A Toronto shelter for refugees says 11 residents and a dozen of its staff have tested positive for COVID-19, the largest outbreak so far in a type of facility that health experts and activists have warned is an easy place for the virus to spread.
Patricia Mueller, the chief executive officer of Homes First Society, a non-profit that operates the Willowdale Welcome Centre in North York, told The Globe and Mail that two of the homeless people were in hospital.
“I am hoping that they are all okay,” Ms. Mueller said. “My heart is with them. I am so thankful to the caring, dedicated, courageous staff.”
Toronto’s Medical Officer of Health, Eileen de Villa, said Monday that 25 homeless people had tested positive for COVID-19 in seven of the city’s shelters or drop-in centres as of midday Monday. But this number did not appear to include all of the positive tests at the Willowdale centre.
Meanwhile, the city’s efforts to move some of the 4,500 single adults in its most crowded shelters into hotel rooms have accelerated. On Monday, Toronto’s general manager of shelter, housing and support, Mary-Anne Bédard, said 1,000 people have been shifted from shelters to hotels. That’s up from the 313 initially reported last week. The city has said it has 1,200 hotel rooms at its disposal, and was seeking to lease more to allow for more distance in its shelters.
Advocates for the homeless said last week the city was moving too slowly to avert a catastrophe in the tight quarters of its homeless shelters, where excess capacity was scarce and maintaining the recommended two metres of physical distancing often impossible, with bunks as little as 75 centimetres apart.
As of late last week, the city had only publicly confirmed it had eight cases among the homeless, a population medical experts warn often suffers from underlying health problems that make them more vulnerable to COVID-19. However, a memo sent Saturday from the city to its shelter providers, and obtained by The Globe, referred to 17 cases.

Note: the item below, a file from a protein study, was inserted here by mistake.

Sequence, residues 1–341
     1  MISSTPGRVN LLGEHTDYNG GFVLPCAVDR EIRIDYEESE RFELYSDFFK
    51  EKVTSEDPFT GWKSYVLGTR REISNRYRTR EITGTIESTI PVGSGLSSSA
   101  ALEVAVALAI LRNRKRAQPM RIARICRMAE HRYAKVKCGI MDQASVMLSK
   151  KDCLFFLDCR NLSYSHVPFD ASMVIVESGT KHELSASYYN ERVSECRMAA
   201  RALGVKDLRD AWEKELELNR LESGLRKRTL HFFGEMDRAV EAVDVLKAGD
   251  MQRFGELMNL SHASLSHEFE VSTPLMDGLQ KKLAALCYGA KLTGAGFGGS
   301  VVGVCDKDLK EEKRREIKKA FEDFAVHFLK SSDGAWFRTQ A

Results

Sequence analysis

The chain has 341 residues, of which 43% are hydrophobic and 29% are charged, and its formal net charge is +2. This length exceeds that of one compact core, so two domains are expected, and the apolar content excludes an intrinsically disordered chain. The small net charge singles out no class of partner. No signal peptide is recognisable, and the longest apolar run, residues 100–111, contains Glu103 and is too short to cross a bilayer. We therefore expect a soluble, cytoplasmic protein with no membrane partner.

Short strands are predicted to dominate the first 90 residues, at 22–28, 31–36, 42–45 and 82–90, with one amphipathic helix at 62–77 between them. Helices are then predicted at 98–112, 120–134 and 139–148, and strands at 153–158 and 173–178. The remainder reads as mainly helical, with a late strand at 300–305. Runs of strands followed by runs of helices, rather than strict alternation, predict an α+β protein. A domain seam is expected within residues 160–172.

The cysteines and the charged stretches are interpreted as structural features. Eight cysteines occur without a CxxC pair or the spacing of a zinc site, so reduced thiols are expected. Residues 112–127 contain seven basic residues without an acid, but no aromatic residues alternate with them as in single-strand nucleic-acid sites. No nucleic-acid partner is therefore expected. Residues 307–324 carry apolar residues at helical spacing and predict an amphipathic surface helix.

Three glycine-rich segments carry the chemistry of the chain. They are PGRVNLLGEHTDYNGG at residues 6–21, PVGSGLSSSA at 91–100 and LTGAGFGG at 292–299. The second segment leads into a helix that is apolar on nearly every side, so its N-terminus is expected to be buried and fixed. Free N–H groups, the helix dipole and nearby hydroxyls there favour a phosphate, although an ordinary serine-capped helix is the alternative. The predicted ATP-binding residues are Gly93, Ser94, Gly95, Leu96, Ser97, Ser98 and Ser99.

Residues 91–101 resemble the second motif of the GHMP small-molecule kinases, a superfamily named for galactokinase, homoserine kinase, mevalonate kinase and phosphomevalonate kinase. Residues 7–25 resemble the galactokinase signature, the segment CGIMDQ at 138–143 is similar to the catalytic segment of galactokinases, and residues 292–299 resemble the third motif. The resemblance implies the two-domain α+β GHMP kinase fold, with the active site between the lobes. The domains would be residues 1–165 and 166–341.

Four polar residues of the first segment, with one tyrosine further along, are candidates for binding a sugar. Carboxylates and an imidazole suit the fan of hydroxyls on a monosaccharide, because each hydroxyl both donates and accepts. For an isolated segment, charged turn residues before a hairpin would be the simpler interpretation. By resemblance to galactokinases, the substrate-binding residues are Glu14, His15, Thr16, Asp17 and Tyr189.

While word spread last week among shelter workers and activists about positive COVID-19 tests at the North York refugee shelter, Toronto Public Health said Friday it could not confirm the information.
Ms. Mueller said only about two dozen full-time staff regularly work at the North York shelter, but they are managing the work for now with the absences of the 12 COVID-19-positive workers. About half of the agency’s overall 300 employees work at more than one of its 13 shelters cross the city.
Homes First has been screening residents for symptoms and stepping up its cleaning, as recommended by Toronto Public Health since early March. (A Homes First shelter worker at another facility also tested positive in late March, but has since recovered.)
Newly arrived refugees are already housed in a separate facility for their mandatory 14-day quarantine period, before being sent to a shelter like Willowdale.
Residents at Willowdale sleep separated by dividers, and Ms. Mueller said adjustments have been made to ensure physical distancing in the 70,000-square-foot facility, a former hydro building.
Toronto Public Health has now recommended that staff who are not sick take a number of precautions, including wearing masks and self-isolating while at home – but says they should continue coming into work, a protocol for health care workers known as “home/work isolation.”
Ms. Mueller said she fears shelter workers and residents were being forgotten, even as they face similar front-line risks to those in hospitals and long-term care homes.
While her shelter workers are issued three masks a day, she said they remained at “the bottom of the heap” for access to personal protective equipment. She urged members of the public who can sew to make reusable fabric masks and donate them to shelter workers.
“Everyone is very concerned about all of our health care workers, long-term health care workers and residents … You ask what I’d like people to know? I’d ask them to be more deeply concerned about people that live in shelters and the people that work in them.”
The group of medical professionals working with Toronto on its COVID-19 response for the homeless, Inner City Health Associates, announced plans Monday to use the expertise of the international charity Médecins sans frontières (Doctors Without Borders) for a new 400-person capacity “recovery centre” in downtown Toronto to handle an influx of homeless people who contract the virus.
Speaking to reporters, Ms. Bédard said she hoped the new centre would open soon. And she said the help from MSF – which normally offers medical assistance in warzones and developing countries – was welcome.
“I think it’s really important in a time like this that we look across the spectrum at all kinds of partners,” Ms. Bédard said.
With a report from Greg McArthur
The Globe and Mail
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